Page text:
Monday, November 30, 2015


 “When you close your eyes at night and think about Heaven, what’s it like?”

The sidewalk preacher smiled at my question. I was resting on my bike on the quadrangle of the University of Oregon. The sunny fall day was aflutter with fresh-eyed students rushing about their business. A perfect ambush for the Jesus hustlers. I had been eavesdropping on one for long minutes as he explained to a passing coed all the perks of his particular persuasion.

I learned his name was John, which seemed to fit, as I could see him – curly graying hair, lean build, intense gaze – all bedecked in desert garb and preaching in the Holy Land.

“How do you see yourself getting to Heaven?” had been John’s opening line, and he and the coed yammered back and forth for, like I mentioned, long minutes. I waited because I just had to ask him my question.

 “Excuse me,” I said, when the coed finally walked away and he turned my direction. “May I ask you a question?” I thought about adding “John” but concluded that would be too familiar.


That’s when I asked John to describe his picture of Heaven.

He paused for a moment. I think he was quickly deciding whether to be real with me or stick with the company line. He chose the latter. “Well,” he started, “the Scripture tells us that God is surrounded by angels, all singing endless praise to Him.” He added a few of the streets-of-gold-type touches to his description.

“And you’re looking forward to that?” I asked.

“Oh, yes. No more pain. No more death. What could be better?”

“And you don’t think that would be incredibly boring?”

But John would reveal no more of his personal Elysian Fields fantasy and turned the question back on me. “How do you picture Heaven?”

I smiled and told John, with unintended double meaning, “I’m not going there.”

He smiled back and handed me a million-dollar bill with Barack Obama’s face printed on the front. On the back, in tiny-little letters, was a lengthy treatise on the wages of sin: “It will hopelessly condemn you on Judgment Day.”

“Have a nice ride,” John added.
I didn’t get far. Atop a low wall was another fired-up preacher – imagine a young George Costanza in cargo shorts, t-shirt, and little back cap – loudly preaching his path to the Promised Land. He seemed quite proud to be offering free stuff to people – brochures with secrets of the Universe, I suppose – but attracted few takers.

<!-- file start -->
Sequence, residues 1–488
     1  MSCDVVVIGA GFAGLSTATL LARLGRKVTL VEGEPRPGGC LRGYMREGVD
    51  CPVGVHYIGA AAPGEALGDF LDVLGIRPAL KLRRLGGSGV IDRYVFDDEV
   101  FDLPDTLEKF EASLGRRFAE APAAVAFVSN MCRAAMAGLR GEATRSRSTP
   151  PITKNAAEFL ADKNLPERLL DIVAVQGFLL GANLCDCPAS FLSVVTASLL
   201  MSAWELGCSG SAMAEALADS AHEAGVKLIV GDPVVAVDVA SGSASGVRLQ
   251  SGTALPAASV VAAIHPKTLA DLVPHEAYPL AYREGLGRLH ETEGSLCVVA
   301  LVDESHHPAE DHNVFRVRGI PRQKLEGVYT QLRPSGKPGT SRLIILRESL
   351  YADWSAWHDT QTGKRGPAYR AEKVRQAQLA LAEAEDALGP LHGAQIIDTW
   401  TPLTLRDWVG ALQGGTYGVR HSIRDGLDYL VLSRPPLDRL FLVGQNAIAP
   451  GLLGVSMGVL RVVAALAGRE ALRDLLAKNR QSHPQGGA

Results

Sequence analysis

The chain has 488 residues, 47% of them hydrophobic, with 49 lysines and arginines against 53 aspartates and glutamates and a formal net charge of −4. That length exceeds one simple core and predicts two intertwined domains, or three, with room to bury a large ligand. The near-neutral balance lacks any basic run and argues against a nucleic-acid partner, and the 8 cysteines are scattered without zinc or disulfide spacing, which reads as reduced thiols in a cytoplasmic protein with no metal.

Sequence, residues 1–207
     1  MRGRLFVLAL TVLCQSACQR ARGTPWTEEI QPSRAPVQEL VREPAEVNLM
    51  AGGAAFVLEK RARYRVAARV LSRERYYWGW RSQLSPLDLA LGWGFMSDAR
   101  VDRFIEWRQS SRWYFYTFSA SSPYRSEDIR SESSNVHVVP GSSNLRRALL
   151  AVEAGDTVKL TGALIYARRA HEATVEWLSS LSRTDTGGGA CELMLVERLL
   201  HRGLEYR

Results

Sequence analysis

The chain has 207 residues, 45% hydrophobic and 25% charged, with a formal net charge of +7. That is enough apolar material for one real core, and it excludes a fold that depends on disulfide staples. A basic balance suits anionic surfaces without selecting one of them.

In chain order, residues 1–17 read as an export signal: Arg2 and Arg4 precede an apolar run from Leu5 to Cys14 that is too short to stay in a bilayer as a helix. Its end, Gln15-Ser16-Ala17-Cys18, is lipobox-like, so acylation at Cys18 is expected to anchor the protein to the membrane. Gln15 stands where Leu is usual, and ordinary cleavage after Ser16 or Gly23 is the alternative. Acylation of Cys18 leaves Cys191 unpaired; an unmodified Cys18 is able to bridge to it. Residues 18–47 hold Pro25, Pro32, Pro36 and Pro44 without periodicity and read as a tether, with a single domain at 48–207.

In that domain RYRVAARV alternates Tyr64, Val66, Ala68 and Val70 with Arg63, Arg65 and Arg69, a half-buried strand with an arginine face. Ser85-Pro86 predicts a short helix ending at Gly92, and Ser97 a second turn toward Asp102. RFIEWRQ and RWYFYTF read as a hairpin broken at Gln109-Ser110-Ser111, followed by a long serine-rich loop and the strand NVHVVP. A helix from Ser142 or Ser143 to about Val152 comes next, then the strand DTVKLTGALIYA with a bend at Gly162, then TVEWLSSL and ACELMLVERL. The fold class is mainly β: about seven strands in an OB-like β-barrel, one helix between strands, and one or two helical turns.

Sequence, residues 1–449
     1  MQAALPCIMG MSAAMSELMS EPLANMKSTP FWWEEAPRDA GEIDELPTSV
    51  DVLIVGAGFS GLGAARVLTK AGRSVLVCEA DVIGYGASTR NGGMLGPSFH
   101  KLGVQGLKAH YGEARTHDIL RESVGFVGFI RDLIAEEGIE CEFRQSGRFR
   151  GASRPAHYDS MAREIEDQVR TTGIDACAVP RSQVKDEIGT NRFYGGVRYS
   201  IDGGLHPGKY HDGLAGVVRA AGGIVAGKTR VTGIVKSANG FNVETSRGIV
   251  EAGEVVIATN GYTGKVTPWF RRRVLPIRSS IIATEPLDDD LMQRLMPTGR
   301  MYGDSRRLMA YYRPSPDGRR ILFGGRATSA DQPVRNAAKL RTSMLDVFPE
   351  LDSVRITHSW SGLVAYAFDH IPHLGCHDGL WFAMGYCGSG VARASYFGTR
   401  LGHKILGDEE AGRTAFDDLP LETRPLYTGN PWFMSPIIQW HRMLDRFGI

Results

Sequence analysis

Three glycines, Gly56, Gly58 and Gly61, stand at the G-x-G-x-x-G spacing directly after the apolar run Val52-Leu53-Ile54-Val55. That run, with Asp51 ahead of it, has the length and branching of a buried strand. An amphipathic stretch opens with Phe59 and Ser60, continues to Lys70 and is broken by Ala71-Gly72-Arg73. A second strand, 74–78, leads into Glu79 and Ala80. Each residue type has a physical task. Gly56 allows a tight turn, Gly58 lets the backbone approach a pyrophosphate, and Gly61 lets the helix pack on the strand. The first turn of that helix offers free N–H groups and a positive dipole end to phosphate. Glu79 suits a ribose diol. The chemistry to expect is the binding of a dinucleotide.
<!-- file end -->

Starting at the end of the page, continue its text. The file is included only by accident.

Next, under a little awning, sat a sorry collection of anti-abortion fanatics, blathering endlessly at passers-by, to the backdrop of that fiery preacher on the wall.

But it was the anti-gay guy that caught my eye. Though obviously an immense homophobe, most of his seated bulk was hidden behind an equally large homophobic sign. It cautioned: “Remember God judged Sodom and Gomorrah!”

A doughy, ugly man peered at me from behind the sign, scowling over the top of oversized sunglasses, his balding pate a thinning field of pube-like curls. I was taken aback when he put down his sign. A balloon-like belly completely encircled his body, straining against a green UO t-shirt. It was like he was wearing under it an inner tube – for a tractor tire, maybe.

Most of his sign was taken up with red circles with slashes over a very queer assemblage of anti-gay icons. An icon for two men. For two women. An icon for one man and one child. One man and one dog. One man and one car. One man and one question mark. And lastly, an icon for three women, which seemed hastily drawn, perhaps an afterthought.

As I was leaving the campus square, I spotted a young guy walking down the street in my direction. He was wearing a sandwich board that read, “Zionists Are Coming.”

Oh, for the love of God, I thought. Now what?

But as he got closer, I saw that his sign actually read, “Zombies Are Coming.”

Thank you Jesus!

Onward to the prize before us!
Soon His beauty we’ll behold;
Soon the pearly gates will open;
We shall tread the streets of gold.

When we all get to heaven,
What a day of rejoicing that will be!
When we all see Jesus,
We’ll sing and shout the victory!
          -Eliza E. Hewitt

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